As a result, the boy was charged with six counts of shooting with the intent to kill, and one count of possessing a weapon on school property, where he was found guilty on all counts and recommended to be placed in a state juvenile institution where he will receive "the most extreme treatment available under this system." (Heck, 2001)
The situation elicited numerous responses from the people involved. While all federal, state, and county law enforcement personnel, together with ambulance units, responded with professionalism and urgency, the subsequent reactions of parents, town members, the school, and the media have been varied. School officials called parents to inform them of the incident, panic ensued as news spread to the media and the rest of the town. Thus, law enforcement officers found it difficult to secure the crime scene and attend to the situation. Furthermore, the incident also elicited fear within the community concerned that the incident may happen again.
Due to the gravity of the situation, and the amount of national and international attention given to the school regarding the shooting, the school responded with a zero-tolerance policy against violence. To ensure the safety of students and reassure the community that the incident will not happen again, the school superintendent issued a letter addressed to parents announcing a policy that aims to suppress gestures and comments that lean towards violent behavior. Such gestures include pointing a finger towards another person while pretending to shoot, or comments such as "You're dead," "I could just kill you for that," "You are the reason students bring guns to school and shoot teachers," or "Someone should take a bomb and blow up this place." (Heck, 2001). The policy also states that the school will take formal action against students found to have committed such gestures or comments, including filing police reports, suspension, and requiring the student to undergo psychological evaluation and counseling. Since the policy was enacted, a number of students were reported to have committed such gestures leaving the Fort Gibson Police Department with their hands full, spending most of their time in the school.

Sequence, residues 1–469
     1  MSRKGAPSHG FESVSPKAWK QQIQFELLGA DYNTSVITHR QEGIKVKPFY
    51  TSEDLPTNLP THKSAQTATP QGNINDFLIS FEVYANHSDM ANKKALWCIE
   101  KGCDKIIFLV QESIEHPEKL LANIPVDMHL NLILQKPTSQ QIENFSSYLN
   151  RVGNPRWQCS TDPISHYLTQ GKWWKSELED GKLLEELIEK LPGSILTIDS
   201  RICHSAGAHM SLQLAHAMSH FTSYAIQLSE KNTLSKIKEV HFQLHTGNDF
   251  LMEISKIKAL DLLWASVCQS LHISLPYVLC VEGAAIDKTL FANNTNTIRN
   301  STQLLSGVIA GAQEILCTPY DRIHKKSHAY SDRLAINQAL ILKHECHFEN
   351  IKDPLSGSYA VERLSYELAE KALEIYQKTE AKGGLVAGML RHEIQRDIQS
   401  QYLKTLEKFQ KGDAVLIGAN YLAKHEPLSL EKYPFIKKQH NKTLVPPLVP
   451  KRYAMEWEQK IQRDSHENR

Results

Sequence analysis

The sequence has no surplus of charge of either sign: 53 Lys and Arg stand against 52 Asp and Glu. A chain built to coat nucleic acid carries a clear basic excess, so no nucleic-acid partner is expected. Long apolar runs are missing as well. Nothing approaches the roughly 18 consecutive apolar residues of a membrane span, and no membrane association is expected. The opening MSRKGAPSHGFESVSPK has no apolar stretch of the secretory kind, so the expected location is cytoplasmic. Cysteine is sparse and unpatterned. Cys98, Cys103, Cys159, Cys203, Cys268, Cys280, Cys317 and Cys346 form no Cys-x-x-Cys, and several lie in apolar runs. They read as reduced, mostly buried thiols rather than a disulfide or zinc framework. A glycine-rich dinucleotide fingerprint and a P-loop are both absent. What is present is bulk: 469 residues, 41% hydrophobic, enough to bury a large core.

As the incident and the events that followed illustrates, youth violence is a real problem, and schools, faced with the overwhelming pressure that the community places on them often respond by recommending the most severe punishment possible to the offender and enacting equally severe policies to the rest of the student population. While the immediate action and apparent concern the community, the parents, law enforcement, and the school in Fort Gibson illustrated in the incident are commendable. The actions taken by the court in disciplining the student and the school in ensuring that the incident does not happen again seem to have missed addressing the real problem of youth violence.
First, with regard to the student, placing him in a juvenile delinquent system, where violent kids and a violent atmosphere are present, might prove detrimental to his mental state. Prior to the shooting, the student was considered a model among his peers, and based on the student's psychological analysis, his violent act was the outcome of a number of factors including the possible psychotic side-effects including depression and psychotic breakdowns due to his